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Should the EU ban software capable of spotting a face in a crowd?
A growing political coalition thinks so – and has just received massive support from the third-largest group in the European Parliament, where a majority is now in favor of banning facial recognition technology that scans crowds indiscriminately and in time. real.
Support from Renew, which joins the Greens and Socialists and Democrats groups in backing a ban, shows how a growing swathe of Europe’s political leaders are in favor of restrictions on artificial intelligence that go far beyond anything that exists in other technologically advanced regions of the world. including the U.S. Last week, POLITICO obtained a document detailing a new civil liability law for AI apps — a pioneering step toward a legal regime for autonomous programs and devices.
“We will prohibit what we consider contrary to our values, the deployment [of biometric identification] in public spaces where we as Europeans believe we need to be safe from the risks of mass surveillance,” said Renew’s Dragoș Tudorache. “The dominant position in this house is to support the banning of this technology.”
Opponents of live facial recognition technology argue that such tools are favored by authoritarian governments in places like Russia and China hunts down dissidents or vulnerable minorities, and are ultimately dangerous to civil liberties. They also point to risks of racial profiling and invasion of privacy, which have led major companies like IBM, Amazon and Microsoft to suspend the sale of facial recognition tools to governments.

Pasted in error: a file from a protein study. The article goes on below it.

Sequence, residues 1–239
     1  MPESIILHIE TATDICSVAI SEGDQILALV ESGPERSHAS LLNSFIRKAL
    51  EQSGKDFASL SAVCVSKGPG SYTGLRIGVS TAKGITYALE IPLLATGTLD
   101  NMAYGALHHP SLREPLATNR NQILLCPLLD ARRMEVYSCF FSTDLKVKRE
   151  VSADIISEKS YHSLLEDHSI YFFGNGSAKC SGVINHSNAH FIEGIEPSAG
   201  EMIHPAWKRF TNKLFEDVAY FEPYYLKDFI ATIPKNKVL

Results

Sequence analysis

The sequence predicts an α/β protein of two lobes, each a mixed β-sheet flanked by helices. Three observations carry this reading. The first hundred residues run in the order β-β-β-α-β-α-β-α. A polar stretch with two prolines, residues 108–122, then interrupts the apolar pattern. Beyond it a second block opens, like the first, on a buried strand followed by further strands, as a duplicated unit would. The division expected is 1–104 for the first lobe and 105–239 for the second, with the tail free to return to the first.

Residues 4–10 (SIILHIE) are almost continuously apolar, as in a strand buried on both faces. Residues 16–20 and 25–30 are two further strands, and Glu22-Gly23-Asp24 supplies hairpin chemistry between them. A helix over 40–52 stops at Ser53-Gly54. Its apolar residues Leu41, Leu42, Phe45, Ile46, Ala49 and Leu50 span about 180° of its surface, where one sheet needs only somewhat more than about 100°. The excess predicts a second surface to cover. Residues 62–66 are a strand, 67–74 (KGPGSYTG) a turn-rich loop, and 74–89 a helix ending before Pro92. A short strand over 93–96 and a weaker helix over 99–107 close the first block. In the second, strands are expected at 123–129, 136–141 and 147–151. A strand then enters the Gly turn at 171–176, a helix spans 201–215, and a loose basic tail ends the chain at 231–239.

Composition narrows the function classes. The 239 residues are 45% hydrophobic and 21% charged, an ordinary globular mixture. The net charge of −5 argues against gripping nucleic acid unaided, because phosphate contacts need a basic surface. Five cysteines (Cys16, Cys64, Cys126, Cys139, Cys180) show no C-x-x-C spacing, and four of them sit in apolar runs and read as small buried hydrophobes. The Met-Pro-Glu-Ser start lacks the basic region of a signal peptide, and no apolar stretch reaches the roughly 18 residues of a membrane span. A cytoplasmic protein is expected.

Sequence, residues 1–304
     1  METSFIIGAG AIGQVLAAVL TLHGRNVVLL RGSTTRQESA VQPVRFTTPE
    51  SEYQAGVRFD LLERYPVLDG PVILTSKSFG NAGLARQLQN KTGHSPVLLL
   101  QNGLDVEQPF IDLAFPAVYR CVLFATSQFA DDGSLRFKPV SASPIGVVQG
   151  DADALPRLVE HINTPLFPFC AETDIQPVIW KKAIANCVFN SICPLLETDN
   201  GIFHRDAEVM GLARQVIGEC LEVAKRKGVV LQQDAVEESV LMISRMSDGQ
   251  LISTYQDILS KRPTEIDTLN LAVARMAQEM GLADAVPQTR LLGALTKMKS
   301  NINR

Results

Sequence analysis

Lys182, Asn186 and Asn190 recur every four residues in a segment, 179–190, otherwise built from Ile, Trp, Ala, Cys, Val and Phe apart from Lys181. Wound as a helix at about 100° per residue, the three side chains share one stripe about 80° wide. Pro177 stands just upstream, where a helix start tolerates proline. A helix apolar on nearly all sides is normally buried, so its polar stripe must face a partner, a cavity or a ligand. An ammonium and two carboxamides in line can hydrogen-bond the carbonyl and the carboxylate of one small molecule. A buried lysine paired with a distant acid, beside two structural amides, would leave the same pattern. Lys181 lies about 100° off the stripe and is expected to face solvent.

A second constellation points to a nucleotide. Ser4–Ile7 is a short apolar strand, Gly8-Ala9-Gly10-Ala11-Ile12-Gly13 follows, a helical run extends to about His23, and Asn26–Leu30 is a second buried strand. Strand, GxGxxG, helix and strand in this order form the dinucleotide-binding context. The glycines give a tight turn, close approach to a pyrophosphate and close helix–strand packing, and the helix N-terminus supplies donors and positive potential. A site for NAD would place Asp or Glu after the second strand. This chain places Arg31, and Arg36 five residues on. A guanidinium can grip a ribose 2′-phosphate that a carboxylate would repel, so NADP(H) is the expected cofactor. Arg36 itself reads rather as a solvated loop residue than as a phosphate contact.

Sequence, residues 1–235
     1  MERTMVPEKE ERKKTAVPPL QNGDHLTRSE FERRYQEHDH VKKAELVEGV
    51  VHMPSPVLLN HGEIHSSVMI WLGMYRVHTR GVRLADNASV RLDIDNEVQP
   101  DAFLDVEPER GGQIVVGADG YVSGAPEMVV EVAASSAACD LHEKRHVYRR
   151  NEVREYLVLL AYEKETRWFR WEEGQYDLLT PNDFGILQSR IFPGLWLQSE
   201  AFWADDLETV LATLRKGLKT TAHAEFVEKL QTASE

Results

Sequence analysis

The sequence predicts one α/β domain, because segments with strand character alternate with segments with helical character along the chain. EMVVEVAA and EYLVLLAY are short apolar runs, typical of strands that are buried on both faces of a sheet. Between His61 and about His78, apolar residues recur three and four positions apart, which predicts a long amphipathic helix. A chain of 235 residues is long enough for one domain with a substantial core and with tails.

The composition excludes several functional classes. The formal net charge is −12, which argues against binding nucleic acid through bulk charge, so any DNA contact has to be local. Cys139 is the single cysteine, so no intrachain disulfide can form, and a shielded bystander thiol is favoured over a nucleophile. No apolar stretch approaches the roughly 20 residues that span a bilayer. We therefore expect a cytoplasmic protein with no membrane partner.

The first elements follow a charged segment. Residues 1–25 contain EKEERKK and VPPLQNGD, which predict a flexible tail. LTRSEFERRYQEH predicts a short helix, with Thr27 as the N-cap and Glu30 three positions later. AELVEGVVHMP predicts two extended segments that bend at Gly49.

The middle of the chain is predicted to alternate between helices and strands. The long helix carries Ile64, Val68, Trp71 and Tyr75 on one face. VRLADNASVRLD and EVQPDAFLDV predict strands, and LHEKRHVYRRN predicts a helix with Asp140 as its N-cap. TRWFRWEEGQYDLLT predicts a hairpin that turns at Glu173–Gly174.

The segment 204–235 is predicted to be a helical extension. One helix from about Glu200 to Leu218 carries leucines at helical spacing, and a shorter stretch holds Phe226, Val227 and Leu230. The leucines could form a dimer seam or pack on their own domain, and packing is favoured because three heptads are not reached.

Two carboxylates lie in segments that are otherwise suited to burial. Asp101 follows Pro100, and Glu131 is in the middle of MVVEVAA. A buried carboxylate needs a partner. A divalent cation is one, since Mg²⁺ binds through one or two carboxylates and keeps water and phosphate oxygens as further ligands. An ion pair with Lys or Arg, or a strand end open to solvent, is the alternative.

Yet even as the EU prepares to approve the world’s first AI regulation, the enthusiasm of EU lawmakers and some regulators for banning live facial recognition is likely to clash. to strong opposition from another group of interested parties – nation states that want to keep facial recognition technology in their security arsenals.
Interior ministers have worked hard to ensure that the EU’s artificial intelligence law, the Artificial Intelligence Act, does not tie their hands. And while the European Commission restricts the use of facial recognition in public places for businesses, it leaves broad exemptions for law enforcement to deploy the technology in cases such as the search for missing children, the prevention of terrorist attacks or the location of armed and dangerous criminals.
For Renew, also known as the Liberals, support for a ban grew slowly after some initial skepticism. But now they are lining up with lawmakers on the left to call for a ban on live facial recognition momentum.
“The mood has changed… In my group there is a majority that supports this idea of a ban,” said Tudorache, who previously served as Romania’s interior minister.
Now Parliament’s chief negotiator on a new law on artificial intelligence, he does not want exemptions for police to use the technology in specific cases, as this would pose “very difficult oversight and accountability”.